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Owning UpPrivacy, Property, and Belonging in U.S. Women's Life Writing, 1840-1890$
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Katherine Adams

Print publication date: 2009

Print ISBN-13: 9780195336801

Published to Oxford Scholarship Online: September 2009

DOI: 10.1093/acprof:oso/9780195336801.001.0001

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Freedom and Ballgowns

Freedom and Ballgowns

Elizabeth Keckley'S Executive Domesticity

Chapter:
(p.121) Chapter Four Freedom and Ballgowns
Source:
Owning Up
Author(s):

Katherine Adams (Contributor Webpage)

Publisher:
Oxford University Press
DOI:10.1093/acprof:oso/9780195336801.003.0004

This chapter focuses on Elizabeth Keckley's Behind the Scenes: Thirty Years a Slave and Four Years in the White House (1868), the autobiography of a woman who earned her own freedom from chattel slavery and became seamstress and confidante to First Lady Mary Todd Lincoln. Analyzing Keckley's text and political writings on racial reconstruction, it traces a narrative in which privacy—representing the freedom and equality that are supposedly inherent entitlements of democratic individuality—is both threatened by racialized bodies and manifested by their elimination. The argument focuses on two interlocking privacy crises. The first of these, known as the old clothes scandal, concerns Lincoln's disastrous attempt to convert her own executive iconicity into personal profit by selling her White House wardrobe. The second arises with publication of Behind the Scenes in which, by detailing her role as producer of the executive spectacle, Keckley identifies the origins of national privacy—and the white freedoms it represents—with her own black labor. In public reactions to both of these crises, we witness how the threat of misappropriation enables the possession of democratic freedom.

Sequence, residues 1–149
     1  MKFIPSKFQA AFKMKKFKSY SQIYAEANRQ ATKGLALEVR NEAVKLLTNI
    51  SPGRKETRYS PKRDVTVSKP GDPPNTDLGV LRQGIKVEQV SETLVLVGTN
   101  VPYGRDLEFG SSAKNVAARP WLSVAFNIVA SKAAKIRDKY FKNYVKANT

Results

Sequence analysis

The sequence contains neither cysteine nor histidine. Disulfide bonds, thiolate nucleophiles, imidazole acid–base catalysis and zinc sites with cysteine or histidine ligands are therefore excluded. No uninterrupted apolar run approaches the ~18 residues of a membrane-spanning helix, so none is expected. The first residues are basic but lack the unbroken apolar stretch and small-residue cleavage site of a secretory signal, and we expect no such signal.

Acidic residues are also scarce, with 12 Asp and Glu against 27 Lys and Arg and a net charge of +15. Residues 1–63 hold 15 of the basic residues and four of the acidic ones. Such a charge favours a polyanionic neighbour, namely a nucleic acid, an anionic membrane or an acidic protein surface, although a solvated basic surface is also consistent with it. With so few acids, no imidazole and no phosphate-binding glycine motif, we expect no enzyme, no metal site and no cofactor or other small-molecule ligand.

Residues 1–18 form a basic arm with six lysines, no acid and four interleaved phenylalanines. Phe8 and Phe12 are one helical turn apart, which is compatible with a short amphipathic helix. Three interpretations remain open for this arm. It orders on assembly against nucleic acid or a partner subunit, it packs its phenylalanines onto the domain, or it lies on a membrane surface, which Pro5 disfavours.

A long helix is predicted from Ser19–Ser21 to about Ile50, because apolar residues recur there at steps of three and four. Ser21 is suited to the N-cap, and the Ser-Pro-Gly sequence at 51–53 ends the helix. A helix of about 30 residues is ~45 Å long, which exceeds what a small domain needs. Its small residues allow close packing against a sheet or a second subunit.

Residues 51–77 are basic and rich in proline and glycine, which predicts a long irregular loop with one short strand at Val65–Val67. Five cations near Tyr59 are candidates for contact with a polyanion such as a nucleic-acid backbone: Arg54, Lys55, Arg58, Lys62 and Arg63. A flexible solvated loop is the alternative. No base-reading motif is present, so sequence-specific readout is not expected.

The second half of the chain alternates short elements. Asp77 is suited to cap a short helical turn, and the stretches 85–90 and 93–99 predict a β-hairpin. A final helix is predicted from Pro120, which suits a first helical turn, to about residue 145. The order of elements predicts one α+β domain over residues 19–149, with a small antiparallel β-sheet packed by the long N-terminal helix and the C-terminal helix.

Keywords:   Elizabeth Keckley, Mary Todd Lincoln, Andrew Johnson, White House, Reconstruction, domesticity, miscegenation

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